You’ve been thinking about this job since you met the recruiter at the career fair and you finally got the offer. Your natural instinct is to say yes, to maybe even scream it from the rooftops, but I caution you not to. At least not unless you’ve done your homework.
What do I mean? I have found that very few people are strategic when it comes to their job search. Whether they accept a new career or not can be based on how long they’ve been searching, the number of bills (and student loans) looming, or simply because it was offered. Given that, if you applied for a new career for any of the following reasons, you should definitely hit pause when you receive that offer.
● My friend works here and he really likes it. You and your friends are unique individuals. Just because you have friends in common and even have similar tastes, doesn’t mean you have the same mission in life or that you’ll thrive in similar environments. Working in a cubical crunching numbers when you are uniquely designed to travel and speak to large audiences would eventually crush your spirit.
● It’s a popular company. A great reputation is admirable, however, popularity is not synonymous with success, and vice versa. A small company, or even a start-up might be the place where you can shine. (In fact, you might be the person with the vision for the start up.)
● They are offering more money than I could have ever imagined. Money should never be your #1 deciding factor. Most people would rather make less and be happy than be rich and miserable. Such was the case with Scott Harrison. After hitting rock bottom, he established Charity Water, a foundation that has brought clean water to nations all over the world, and he has never felt more fulfilled.
Before you make your decision about the job offer, remove the rose-colored glasses, take a step back and consider the following.
● Can this opportunity be a stepping-stone to your long-term career goal(s)? Is there advancement within the company that is in line with your ultimate career goal? Will it add something else to your skill set to open doors for future jobs? If not, you might stagnate your career.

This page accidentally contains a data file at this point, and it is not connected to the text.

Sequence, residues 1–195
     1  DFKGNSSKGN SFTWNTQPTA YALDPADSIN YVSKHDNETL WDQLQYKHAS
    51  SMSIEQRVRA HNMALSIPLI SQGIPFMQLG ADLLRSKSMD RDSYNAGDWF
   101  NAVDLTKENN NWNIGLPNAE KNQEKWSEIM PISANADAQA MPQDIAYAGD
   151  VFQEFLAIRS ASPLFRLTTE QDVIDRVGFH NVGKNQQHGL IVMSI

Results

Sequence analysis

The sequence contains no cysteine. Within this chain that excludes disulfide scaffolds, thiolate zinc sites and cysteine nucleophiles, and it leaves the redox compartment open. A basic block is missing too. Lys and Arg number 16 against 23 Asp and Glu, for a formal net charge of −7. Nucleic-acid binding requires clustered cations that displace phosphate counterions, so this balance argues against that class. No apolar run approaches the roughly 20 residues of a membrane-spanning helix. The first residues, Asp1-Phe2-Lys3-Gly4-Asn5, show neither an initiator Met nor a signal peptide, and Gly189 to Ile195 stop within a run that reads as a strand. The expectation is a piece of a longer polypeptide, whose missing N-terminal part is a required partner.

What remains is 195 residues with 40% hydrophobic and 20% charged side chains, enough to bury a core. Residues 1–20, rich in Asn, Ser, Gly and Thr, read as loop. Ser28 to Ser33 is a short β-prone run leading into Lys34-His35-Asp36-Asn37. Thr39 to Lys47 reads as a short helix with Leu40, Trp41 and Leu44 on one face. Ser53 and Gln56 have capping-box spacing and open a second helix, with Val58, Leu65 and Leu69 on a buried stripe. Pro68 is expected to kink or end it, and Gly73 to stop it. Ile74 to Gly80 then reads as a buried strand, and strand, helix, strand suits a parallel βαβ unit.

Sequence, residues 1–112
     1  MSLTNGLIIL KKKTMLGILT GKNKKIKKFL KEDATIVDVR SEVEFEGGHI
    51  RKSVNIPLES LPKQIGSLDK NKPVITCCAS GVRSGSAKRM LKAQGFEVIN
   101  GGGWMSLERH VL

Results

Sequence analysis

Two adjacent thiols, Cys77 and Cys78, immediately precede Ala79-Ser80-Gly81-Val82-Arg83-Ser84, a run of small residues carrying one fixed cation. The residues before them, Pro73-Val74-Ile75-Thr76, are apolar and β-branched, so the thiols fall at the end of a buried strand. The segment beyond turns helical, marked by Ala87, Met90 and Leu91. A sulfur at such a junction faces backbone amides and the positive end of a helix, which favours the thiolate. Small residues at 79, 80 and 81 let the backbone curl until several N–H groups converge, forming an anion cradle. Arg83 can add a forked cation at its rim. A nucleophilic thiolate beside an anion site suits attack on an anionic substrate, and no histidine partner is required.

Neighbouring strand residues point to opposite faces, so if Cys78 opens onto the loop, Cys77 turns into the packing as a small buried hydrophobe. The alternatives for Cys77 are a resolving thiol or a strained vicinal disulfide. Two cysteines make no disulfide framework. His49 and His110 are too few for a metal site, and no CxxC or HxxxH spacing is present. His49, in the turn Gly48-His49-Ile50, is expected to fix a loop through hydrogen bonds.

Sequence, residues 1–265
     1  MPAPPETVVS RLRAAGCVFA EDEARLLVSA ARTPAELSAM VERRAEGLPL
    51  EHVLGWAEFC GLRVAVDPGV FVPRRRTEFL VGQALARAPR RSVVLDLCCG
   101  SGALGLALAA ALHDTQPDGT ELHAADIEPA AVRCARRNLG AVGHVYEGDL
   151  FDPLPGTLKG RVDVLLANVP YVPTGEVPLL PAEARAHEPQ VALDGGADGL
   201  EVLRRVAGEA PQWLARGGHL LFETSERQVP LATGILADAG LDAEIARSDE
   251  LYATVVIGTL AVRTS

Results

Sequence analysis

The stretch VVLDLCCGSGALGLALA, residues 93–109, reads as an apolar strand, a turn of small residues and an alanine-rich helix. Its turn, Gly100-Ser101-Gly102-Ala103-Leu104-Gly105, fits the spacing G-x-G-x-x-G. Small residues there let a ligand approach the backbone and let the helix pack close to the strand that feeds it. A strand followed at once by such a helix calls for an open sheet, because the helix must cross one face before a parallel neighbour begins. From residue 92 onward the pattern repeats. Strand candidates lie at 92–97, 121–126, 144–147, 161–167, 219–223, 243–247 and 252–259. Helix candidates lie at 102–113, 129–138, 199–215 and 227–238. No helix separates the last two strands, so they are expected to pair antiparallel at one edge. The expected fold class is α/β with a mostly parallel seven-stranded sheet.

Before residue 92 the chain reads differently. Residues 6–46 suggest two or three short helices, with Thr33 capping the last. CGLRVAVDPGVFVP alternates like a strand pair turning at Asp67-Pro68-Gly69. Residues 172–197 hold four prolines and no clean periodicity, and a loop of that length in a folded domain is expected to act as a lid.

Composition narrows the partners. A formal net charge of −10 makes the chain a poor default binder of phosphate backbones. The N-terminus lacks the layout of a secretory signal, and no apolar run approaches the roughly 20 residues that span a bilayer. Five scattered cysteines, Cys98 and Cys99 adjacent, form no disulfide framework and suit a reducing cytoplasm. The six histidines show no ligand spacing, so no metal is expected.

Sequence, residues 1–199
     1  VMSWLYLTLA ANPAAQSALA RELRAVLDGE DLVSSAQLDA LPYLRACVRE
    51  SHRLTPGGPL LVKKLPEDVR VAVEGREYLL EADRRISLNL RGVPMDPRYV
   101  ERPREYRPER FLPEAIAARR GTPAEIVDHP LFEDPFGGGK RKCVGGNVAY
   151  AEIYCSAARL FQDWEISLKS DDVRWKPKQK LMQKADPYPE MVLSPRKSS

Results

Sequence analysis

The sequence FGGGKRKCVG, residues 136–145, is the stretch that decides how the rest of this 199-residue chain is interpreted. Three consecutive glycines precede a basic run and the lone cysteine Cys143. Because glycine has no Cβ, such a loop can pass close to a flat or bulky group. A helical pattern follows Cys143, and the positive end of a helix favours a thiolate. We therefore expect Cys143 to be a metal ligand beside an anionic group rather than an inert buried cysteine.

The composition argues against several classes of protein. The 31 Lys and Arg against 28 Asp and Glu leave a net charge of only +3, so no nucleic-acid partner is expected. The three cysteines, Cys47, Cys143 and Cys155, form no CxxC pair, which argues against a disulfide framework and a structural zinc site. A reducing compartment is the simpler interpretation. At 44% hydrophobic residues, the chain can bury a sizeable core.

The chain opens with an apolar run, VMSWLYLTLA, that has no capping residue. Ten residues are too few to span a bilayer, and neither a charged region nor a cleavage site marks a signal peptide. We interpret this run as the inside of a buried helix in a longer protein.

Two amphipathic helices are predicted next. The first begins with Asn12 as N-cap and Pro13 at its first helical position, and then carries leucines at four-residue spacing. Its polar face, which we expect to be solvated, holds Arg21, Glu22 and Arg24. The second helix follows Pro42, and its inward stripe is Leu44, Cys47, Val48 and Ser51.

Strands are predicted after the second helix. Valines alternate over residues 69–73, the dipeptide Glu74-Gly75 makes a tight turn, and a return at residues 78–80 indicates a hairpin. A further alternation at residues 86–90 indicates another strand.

● Can you commit for at least a year? Take any strong doubts you have seriously. Ask questions to ease your concerns. Should they become real issues on the job, your desperation to jump ship could lead you into another poor job choice. Three months later you’ll find yourself repeating that cycle and, eventually, employers will be afraid to give you a shot because of your job-hopping.
● Have you received multiple offers? As a new grad, I felt like I had to take the first offer I received, but my mentor helped me see I was wrong. We are currently in a job-seekers paradise for entry-level roles. It’s always good to have a couple of choices to consider. Think about advancement, training, environment, retention, compensation, perks, etc. to determine which option is best for you.
● Is the company pressuring you to commit? If you’ve been in the interview process for several weeks, you should know if it’s the right choice for you, but if it has only been a day or two, ask yourself why they are insisting you decide not by the end of the week, not tomorrow, right now. (My Spidey senses are tingling.) Understand ‘pressure’ does not mean a quick offer. The job market is fierce and we recruiters are getting candidates through the process as fast as possible so we can make the offer, but we also want you to take time to think about it. Up to a week is more than fair in my opinion, although I will certainly welcome your acceptance earlier.
● Is compensation worthy of what you bring to the table? Notice I said compensation, not salary. This includes benefits, perks, bonuses, time-off, etc. If not, and you plan to keep looking, don’t waste your time or the company’s. If you are still in school there is plenty of time before you walk across that stage this spring to land what’s best for you. If you are already in the workforce, it will be tough for you to interview while working traditional hours so why not continue your search and allow someone who’s a better fit to step into that role?
It’s your career, so choose wisely. If you’ve gone through this list, and you feel good about your answers, call that recruiter and say, “I accept!”.